Active Substance: reteplase
Common Name: reteplase
ATC Code: B01AD08
Marketing Authorisation Holder: Actavis Group PTC ehf
Active Substance: reteplase
Authorisation Date: 1996-08-29
Therapeutic Area: Myocardial Infarction
Pharmacotherapeutic Group: B01 Antithrombotic agents
Rapilysin is indicated for the thrombolytic treatment of suspected myocardial infarction with persistent ST elevation or recent left bundle branch block within 12 hours after the onset of acute-myocardial-infarction symptoms.
What is Rapilysin?
Rapilysin is a powder and solvent that are made up into a solution for injection. It contains the active substance reteplase.
What is Rapilysin used for?
Rapilysin is used within 12 hours of a suspected heart attack to help dissolve the blood clots obstructing the flow of blood to the heart muscle.
The medicine can only be obtained with a prescription.
How is Rapilysin used?
Rapilysin should be prescribed by doctors who have experience in using medicines that dissolve blood clots and who can monitor its use.
Treatment with Rapilysin should be started as soon as possible after the start of heart attack symptoms. Rapilysin is given as two injections, 30 minutes apart. Each injection is given into a vein slowly, but in less than two minutes. Other medicines that prevent clotting (aspirin and heparin) should be given before and after the Rapilysin injection to stop clots from forming again. However, Rapilysin and heparin or aspirin must not be given in the same syringe.
How does Rapilysin work?
The active substance in Rapilysin, reteplase, is a copy of a natural enzyme called t‑PA that has been modified so that it starts working faster and for longer. Reteplase activates the production of an enzyme called plasmin, which breaks up blood clots. Following a heart attack, Rapilysin can help dissolve blood clots that have formed in the arteries supplying the heart muscle, thereby restoring normal blood flow to the heart.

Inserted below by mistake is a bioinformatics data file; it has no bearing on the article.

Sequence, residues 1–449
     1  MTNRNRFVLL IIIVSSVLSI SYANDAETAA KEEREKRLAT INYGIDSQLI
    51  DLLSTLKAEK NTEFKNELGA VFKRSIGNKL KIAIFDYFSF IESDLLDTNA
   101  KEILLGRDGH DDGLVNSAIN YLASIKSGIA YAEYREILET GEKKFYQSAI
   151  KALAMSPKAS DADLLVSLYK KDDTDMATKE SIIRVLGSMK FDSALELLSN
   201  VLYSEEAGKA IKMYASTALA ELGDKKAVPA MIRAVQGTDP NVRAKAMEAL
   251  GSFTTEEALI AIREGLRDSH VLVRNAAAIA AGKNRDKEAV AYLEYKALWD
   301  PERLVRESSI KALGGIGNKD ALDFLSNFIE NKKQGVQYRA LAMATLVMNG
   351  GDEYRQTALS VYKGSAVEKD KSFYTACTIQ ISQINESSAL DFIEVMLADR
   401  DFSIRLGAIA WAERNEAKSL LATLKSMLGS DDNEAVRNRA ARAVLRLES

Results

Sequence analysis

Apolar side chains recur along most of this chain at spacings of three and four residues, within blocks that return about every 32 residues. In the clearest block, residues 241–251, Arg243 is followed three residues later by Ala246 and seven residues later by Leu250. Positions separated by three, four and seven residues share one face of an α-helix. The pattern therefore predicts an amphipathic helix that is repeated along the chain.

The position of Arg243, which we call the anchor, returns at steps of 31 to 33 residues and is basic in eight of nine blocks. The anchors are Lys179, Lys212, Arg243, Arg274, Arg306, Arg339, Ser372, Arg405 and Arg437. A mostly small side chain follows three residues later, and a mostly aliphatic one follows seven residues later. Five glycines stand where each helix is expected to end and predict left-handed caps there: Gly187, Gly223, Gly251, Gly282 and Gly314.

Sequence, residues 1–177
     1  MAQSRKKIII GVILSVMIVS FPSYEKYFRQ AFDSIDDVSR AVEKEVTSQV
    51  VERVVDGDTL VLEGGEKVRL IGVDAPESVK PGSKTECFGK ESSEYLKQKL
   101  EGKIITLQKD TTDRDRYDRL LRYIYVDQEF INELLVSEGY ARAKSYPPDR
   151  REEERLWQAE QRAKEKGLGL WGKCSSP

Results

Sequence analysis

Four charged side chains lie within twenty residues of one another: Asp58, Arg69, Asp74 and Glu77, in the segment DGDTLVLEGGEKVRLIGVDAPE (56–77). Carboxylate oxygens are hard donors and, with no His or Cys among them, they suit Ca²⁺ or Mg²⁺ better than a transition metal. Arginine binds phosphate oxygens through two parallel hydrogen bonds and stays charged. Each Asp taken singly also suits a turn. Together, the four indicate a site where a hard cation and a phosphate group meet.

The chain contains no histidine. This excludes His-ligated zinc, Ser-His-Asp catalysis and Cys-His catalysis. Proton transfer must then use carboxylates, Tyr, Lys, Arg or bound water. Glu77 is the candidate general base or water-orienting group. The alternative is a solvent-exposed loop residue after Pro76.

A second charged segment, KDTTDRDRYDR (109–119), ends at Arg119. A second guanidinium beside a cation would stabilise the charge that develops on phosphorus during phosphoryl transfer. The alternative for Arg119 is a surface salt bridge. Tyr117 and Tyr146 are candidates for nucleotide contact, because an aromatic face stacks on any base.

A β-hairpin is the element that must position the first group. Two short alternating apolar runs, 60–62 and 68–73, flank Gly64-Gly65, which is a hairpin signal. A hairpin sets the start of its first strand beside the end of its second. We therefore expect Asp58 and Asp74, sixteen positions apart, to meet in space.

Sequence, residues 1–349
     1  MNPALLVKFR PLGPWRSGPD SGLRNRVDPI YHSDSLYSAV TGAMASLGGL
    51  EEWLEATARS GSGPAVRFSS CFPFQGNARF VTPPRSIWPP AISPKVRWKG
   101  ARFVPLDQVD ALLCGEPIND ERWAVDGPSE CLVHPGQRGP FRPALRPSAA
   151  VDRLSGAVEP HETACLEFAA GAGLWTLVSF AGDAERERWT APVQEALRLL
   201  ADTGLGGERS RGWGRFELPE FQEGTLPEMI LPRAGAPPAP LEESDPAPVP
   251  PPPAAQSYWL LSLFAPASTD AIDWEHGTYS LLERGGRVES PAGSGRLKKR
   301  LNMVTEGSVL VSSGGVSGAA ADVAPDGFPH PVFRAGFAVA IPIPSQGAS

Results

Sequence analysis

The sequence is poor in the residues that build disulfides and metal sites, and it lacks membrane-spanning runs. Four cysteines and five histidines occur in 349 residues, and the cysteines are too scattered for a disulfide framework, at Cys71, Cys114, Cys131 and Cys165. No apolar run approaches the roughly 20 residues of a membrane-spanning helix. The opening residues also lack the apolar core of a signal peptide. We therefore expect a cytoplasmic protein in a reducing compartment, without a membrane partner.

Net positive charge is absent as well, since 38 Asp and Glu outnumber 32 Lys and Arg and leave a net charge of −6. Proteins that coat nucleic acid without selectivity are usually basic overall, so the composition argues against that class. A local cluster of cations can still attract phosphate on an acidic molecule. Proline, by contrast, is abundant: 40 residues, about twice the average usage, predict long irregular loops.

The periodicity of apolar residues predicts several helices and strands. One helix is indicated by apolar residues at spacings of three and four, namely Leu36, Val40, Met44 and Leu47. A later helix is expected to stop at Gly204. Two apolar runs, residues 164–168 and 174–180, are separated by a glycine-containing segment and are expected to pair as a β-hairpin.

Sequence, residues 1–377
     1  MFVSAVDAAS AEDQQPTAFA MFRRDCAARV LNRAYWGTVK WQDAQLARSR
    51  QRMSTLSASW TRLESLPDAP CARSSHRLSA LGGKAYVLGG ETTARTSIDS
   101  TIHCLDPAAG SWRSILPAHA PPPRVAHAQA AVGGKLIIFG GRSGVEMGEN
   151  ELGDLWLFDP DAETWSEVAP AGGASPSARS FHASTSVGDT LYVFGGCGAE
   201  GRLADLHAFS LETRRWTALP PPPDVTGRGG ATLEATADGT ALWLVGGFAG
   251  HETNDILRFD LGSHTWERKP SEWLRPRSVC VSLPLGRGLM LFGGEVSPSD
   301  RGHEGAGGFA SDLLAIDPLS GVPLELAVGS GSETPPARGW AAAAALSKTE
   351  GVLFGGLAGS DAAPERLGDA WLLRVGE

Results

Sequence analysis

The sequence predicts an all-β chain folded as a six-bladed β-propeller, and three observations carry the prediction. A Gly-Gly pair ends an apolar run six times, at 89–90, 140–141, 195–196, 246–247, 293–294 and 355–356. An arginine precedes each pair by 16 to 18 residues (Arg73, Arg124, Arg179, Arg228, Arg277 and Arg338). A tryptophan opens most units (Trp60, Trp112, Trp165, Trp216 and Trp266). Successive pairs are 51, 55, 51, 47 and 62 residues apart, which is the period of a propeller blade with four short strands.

How has Rapilysin been studied?
Rapilysin has been studied in more than 21,000 patients in four studies. Rapilysin has been compared with other medicines used to dissolve blood clots: streptokinase in 6,000 patients and alteplase in about 15,000 patients. The studies looked at the number of patients who had died 30 to 35 days after treatment, and at the number of patients who had heart failure (an inability of the heart to pump enough blood around the body) or a stroke.
What benefit has Rapilysin shown during the studies?
Rapilysin was more effective than streptokinase in reducing the number of patients with heart failure, and it was as effective as streptokinase in preventing death. Rapilysin was also as effective as alteplase in preventing death and stroke.
What is the risk associated with Rapilysin?
The most common side effects with Rapilysin (seen in more than 1 patient in 10) are bleeding at the injection site, recurrent ischaemia (reduced blood supply to parts of the body) or angina (severe chest pain), hypotension (low blood pressure), heart failure or pulmonary oedema (build-up of fluid on the lungs), and reactions at the site of the injection, such as burning sensations. For the full list of all side effects reported with Rapilysin, see the package leaflet.
Rapilysin must also not be used in patients who are at risk of bleeding because of other diseases, treatment with other medicines, high blood pressure, previous bleeding or recent surgery. For the full list of restrictions, see the package leaflet.
Why has Rapilysin been approved?
The CHMP decided that Rapilysin’s benefits are greater than its risks for and recommended that it be given marketing authorisation.
Other information about Rapilysin
The European Commission granted a marketing authorisation valid throughout the European Union for Rapilysin on 9 November 1996.
For more information about treatment with Rapilysin, read the package leaflet (also part of the EPAR) or contact your doctor or pharmacist.
Source: European Medicines Agency
Disclaimer: Every effort has been made to ensure that the information provided here is accurate, up-to-date and complete, but no guarantee is made to that effect. Drug information contained herein may be time sensitive. This information has been compiled for use by healthcare practitioners and consumers in the United States. The absence of a warning for a given drug or combination thereof in no way should be construed to indicate that the drug or combination is safe, effective or appropriate for any given patient. If you have questions about the substances you are taking, check with your doctor, nurse or pharmacist.